"We were on the sidelines with the second team on the field, and he was calling the touchdown before it even happened,” Williams recalled of a recent practice. "Right after that, they hit the play and scored. I was like, ‘He must be a wizard or something.’
"It blew my mind he could read a defense like that from the sideline.”
It may be hard to believe quarterback Sam Bradford could be any better than last season when he won the Heisman Trophy.
But ask Bradford’s coaches and teammates, and that’s exactly what he is.
Said wide receiver Adron Tennell, "You can tell he’s better than ever before.”
Said offensive coordinator Kevin Wilson, "It looks evident as we practice.”
Said coach Bob Stoops, "He’s stronger, bigger; the ball comes out of his hand even faster, if that was possible. He’s every bit as consistent or better. And with another year of experience out on the field, he’ll think much quicker, too.”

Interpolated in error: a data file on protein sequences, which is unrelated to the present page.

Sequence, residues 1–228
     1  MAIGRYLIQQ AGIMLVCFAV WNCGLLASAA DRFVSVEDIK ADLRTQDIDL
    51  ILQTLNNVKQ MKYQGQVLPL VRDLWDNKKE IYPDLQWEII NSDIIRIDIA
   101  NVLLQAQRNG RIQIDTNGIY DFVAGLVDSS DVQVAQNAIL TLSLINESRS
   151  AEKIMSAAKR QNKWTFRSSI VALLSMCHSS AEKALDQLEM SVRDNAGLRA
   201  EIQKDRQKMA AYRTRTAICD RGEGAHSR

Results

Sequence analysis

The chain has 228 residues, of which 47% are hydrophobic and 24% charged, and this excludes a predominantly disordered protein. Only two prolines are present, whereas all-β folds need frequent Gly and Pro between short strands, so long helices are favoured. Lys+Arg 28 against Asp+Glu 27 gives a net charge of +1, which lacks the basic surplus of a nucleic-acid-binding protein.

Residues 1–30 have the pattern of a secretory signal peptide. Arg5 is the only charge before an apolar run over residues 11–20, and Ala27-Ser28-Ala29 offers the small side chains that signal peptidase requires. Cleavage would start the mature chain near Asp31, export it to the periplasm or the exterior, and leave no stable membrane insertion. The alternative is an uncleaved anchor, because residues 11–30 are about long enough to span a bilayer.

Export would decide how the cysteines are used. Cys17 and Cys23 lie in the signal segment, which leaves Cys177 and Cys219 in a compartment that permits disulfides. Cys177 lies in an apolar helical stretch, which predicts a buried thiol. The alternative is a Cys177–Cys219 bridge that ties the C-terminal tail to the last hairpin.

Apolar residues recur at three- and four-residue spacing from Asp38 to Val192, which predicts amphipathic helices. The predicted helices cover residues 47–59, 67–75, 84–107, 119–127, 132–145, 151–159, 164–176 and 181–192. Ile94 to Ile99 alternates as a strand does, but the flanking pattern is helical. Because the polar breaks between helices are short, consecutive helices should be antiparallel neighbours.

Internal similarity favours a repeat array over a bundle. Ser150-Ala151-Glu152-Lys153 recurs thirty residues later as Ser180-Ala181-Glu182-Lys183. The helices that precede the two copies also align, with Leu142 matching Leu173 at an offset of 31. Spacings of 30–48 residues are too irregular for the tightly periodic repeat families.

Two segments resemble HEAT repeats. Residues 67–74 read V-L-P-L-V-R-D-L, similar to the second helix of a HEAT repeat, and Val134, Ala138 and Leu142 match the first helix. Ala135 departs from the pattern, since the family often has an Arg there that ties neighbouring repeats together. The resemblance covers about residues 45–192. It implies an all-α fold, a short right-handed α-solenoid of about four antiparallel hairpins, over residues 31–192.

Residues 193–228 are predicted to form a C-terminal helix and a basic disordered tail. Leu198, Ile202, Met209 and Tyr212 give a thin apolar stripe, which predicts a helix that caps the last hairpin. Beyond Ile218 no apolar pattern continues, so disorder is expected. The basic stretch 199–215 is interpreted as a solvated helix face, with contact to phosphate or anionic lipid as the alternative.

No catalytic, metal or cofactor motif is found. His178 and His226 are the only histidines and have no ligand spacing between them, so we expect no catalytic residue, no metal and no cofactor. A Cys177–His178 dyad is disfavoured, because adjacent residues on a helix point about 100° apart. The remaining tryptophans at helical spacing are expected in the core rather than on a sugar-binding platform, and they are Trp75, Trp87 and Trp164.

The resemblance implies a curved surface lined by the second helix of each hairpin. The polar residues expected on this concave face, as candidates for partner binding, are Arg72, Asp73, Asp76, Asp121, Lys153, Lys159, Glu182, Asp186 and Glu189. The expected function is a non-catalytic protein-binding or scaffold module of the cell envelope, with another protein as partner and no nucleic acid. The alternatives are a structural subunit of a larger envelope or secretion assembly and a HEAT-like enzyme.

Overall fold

Besides adding about 10 more pounds of muscle to his frame, Bradford, as Williams found out earlier this preseason, has become more adept at reading defenses after spending countless hours in the film room over the offseason.
"There are always things that (quarterbacks coach Josh Heupel) points out on game film,” Bradford said. "I might think I played perfect, that I played great. Then I’ll come in, even on a completion, maybe I went to the wrong receiver and there was a chance for a bigger play that I didn’t see. Every day we see things in the film room that maybe I can be sharper at, recognizing defenses, recognizing blitzes quicker than I have in the past.”
OU’s defensive backs have noticed, often to their own detriment, that Bradford is sharper than ever at reading defenses.
"Just him being able to see the field more,” said cornerback Dom Franks. "He knows even more what he’s looking at.”
The other area where Bradford’s teammates recognize another significant improvement is with leadership, which has been a benefit to a relatively young and inexperienced wide receiving unit.